Their argument was that we should wrestle back sovereignty from Europe, not give it to an elite group of self serving politicians. Suspending parliament is not acceptable under any circumstance. That’s us slipping and sliding, scrambling and scuffing, open eyed towards totalitarianism.

But that’s what happens when the world gets complicated, filled with nuance, and leaders frame every argument as a binary choice. I considered exactly this “totalitarian mindset” when I was working on one of my characters for CARR-10-N. This is an extract from something I wrote in 2013.

So the question I’m really asking is; what kind of person is attracted to totalitarianism? To answer that question you first need to ask; what allows totalitarianism to flourish? The short answer is uncertainty. In his paper “How to make enemies and influence people” (2) Alfonso Montuori characterises the “totalitarian mindset” as a response to the stress of contemporary pluralism. Basically we live in complex times full of ambiguity and uncertainty. We feel threatened. And when we’re backed into a corner we have a tendency to succumb to “simplistic, black-and-white solutions.” Montuori goes on to note that “individuals all over the world have sought relief from the uncertainty of a pluralistic world in the arms of absolute belief systems of a religious fundamentalist and/or political/nationalistic nature.”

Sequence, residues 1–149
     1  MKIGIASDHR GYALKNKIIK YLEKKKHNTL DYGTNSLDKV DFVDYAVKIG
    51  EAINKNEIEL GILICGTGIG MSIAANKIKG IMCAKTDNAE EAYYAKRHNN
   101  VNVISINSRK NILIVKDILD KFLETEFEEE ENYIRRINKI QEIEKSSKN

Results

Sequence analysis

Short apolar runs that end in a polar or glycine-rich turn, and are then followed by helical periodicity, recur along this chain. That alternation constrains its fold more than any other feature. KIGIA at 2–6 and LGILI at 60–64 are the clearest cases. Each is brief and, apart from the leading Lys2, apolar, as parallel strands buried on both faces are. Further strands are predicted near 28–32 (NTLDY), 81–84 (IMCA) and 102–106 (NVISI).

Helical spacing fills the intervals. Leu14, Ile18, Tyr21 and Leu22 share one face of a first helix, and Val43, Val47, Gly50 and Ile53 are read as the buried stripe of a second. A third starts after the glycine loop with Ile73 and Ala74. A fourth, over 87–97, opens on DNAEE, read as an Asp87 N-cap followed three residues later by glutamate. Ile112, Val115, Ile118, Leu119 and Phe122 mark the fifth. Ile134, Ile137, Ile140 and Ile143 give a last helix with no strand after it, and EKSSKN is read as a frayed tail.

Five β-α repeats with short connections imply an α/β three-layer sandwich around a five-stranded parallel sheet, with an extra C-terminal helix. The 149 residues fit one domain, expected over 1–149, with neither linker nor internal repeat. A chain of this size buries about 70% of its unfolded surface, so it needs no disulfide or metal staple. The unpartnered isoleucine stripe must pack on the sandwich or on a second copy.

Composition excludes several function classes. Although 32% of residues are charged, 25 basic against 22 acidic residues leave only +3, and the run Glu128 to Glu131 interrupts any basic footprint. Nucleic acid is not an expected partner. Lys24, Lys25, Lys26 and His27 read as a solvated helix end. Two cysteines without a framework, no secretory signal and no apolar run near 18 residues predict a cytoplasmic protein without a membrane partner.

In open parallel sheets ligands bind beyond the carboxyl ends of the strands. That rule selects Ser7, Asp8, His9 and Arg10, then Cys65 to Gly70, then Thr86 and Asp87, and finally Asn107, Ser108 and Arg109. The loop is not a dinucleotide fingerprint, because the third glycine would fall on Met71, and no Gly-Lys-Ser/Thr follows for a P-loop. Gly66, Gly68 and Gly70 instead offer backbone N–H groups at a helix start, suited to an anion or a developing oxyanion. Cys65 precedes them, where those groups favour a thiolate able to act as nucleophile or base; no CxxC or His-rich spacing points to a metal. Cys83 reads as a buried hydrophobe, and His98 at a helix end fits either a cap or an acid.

2013/02/08